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josierae has commented on (4) products.

The Masters of Atlantis by Charles Portis
The Masters of Atlantis

josierae, January 6, 2011

While Portis might becoming a more familiar name due to the recent re-adaptation of his novel True Grit by the Cohen Brothers, it's worth taking a peek at one of his other novels, Masters of Atlantis. Portis writes with such wit and cleverness, he'll have you chuckling to yourself or forcing your friends to sit back and humor you as you read a line or two from this bizarrely funny book. Portis creates a sprawling mythology to the secret society at the center of this novel -- the Gnomons, led by two competing factions (Mr. Jimmerson's and Hen's) who base their rituals and belief systems on the lost city of Atlantis. From a decaying headquarters in Indiana, Mr. Jimmerson rules with absent-minded befuddlement as his rival, Hen, skirts about London then Mexico with a band of eccentric followers. There is no real way to describe this book; it's like nothing I've ever read before. But it is also one of the best books I've ever read and I can't recommend it highly enough.
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In a Strange Room by Damon Galgut
In a Strange Room

josierae, January 5, 2011

What a strange and fascinating and beautiful book. Arranged as three linked novellas, In A Strange Room explores what it means to be a traveler who is never quite at home, even when he is at home. The individual narratives follow Damon, a South African, who wanders into relationships with people, mostly during his travels that take him from Greece to Tanzania to India. Blurring the lines between fiction and nonfiction, Galgut's protagonist refers to himself as both "I" and "he," suggesting the distances we often have from ourselves. In a sense, all of the stories are Damon's attempt at understanding his past self, a self that is both passive and observant, solitary and striving for connection to place and people. Some of the most thoughtful and beautiful writing I've read all year, Galgut's stories manage to be both quiet and bracingly tense.
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In a Strange Room by Damon Galgut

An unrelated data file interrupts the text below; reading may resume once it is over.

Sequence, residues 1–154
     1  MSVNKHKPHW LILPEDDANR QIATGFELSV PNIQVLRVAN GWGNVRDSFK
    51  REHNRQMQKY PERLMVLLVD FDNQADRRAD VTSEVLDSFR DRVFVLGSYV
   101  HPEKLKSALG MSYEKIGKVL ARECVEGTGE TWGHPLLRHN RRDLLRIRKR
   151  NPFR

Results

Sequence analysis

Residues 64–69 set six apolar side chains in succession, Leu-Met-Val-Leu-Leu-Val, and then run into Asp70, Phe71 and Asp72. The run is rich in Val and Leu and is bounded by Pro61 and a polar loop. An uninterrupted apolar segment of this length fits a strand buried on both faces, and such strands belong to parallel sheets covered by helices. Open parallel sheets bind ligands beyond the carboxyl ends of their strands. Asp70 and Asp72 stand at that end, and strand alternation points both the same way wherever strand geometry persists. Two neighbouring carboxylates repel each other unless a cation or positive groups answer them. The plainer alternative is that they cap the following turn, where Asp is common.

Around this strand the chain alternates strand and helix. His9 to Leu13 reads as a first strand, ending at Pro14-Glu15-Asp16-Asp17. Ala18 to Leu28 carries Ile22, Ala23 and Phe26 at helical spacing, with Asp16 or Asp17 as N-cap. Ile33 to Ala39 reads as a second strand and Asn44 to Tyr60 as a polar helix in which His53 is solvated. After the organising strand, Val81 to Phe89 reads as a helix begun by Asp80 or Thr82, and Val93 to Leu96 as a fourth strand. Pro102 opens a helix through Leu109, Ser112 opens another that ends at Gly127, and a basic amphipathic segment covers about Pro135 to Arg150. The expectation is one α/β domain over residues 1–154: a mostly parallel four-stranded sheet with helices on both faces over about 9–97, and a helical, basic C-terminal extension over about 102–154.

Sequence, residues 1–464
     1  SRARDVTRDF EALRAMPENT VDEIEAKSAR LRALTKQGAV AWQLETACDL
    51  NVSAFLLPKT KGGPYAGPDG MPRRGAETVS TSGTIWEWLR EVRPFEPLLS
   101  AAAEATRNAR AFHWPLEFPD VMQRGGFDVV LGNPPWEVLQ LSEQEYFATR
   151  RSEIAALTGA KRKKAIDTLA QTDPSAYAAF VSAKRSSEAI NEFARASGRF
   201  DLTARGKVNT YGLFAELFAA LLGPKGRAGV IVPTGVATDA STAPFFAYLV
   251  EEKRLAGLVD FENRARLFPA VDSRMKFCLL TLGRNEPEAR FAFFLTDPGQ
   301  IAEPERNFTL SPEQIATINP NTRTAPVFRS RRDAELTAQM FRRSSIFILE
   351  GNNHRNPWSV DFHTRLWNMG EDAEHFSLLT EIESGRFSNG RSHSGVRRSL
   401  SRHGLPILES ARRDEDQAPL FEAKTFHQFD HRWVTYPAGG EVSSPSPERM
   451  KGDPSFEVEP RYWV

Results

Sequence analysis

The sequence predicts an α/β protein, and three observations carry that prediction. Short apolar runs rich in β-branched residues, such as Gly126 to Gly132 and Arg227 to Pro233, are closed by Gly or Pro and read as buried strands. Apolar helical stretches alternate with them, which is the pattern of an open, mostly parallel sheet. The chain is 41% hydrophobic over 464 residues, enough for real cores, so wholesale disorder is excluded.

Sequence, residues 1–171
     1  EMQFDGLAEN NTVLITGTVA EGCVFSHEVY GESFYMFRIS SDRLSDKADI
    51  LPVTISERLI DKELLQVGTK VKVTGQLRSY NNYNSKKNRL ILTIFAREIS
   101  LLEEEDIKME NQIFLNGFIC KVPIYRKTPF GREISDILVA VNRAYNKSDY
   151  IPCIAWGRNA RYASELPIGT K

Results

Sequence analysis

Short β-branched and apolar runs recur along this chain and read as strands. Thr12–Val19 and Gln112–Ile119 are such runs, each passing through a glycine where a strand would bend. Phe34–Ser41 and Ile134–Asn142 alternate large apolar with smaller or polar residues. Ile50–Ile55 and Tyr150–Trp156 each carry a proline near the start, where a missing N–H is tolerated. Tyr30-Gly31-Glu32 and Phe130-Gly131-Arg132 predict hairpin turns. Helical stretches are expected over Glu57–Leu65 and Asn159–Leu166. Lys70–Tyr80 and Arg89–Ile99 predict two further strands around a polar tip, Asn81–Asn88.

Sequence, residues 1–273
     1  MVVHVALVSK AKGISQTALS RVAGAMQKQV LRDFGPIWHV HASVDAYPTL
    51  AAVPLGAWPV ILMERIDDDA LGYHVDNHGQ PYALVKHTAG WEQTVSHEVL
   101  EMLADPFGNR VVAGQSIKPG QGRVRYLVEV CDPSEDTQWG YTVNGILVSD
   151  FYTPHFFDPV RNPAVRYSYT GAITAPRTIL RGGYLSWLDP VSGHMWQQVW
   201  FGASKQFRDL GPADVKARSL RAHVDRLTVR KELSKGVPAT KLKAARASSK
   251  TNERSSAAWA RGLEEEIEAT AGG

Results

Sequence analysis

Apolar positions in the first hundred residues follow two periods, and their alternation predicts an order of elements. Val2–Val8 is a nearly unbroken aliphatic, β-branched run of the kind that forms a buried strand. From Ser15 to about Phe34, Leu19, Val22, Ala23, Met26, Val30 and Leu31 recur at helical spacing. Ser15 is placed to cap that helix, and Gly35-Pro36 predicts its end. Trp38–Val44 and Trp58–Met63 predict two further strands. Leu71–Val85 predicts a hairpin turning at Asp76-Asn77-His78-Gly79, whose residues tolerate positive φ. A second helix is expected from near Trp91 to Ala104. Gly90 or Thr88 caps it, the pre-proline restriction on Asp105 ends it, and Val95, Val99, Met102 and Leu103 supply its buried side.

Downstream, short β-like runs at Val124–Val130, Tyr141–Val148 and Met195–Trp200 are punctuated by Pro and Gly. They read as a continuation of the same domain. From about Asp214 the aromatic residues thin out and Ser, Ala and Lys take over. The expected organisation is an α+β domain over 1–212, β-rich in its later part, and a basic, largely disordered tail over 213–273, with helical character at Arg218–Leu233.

In a Strange Room

josierae, January 5, 2011

What a strange and fascinating and beautiful book. Arranged as three linked novellas, In A Strange Room explores what it means to be a traveler who is never quite at home, even when he is at home. The individual narratives follow Damon, a South African, who wanders into relationships with people, mostly during his travels that take him from Greece to Tanzania to India. Blurring the lines between fiction and nonfiction, Galgut's protagonist refers to himself as both "I" and "he," suggesting the distances we often have from ourselves. In a sense, all of the stories are Damon's attempt at understanding his past self, a self that is both passive and observant, solitary and striving for connection to place and people. Some of the most thoughtful and beautiful writing I've read all year, Galgut's stories manage to be both quiet and bracingly tense.
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The Lazarus Project by Aleksandar Hemon
The Lazarus Project

josierae, January 1, 2011

Hemon has created an intricate and thoughtful documentary novel, combining photographs and fictional narrative to investigate the temporal and geographic connections that link people and experiences. Weaving together the story of an early 20th century Chicago murder alongside the tentative friendship between two contemporary Bosnian exiles, Hemon's characters travel from Chicago to Ukraine to Sarajevo. Part detective novel, part buddy road trip, part history of violence and genocide, The Lazarus Project is an exhilarating read that intelligently illustrates the complexities of immigration and exile and the subsequent longings for a past and a home that no longer exist. A beautiful and haunting and unforgettable novel.
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(2 of 3 readers found this comment helpful)



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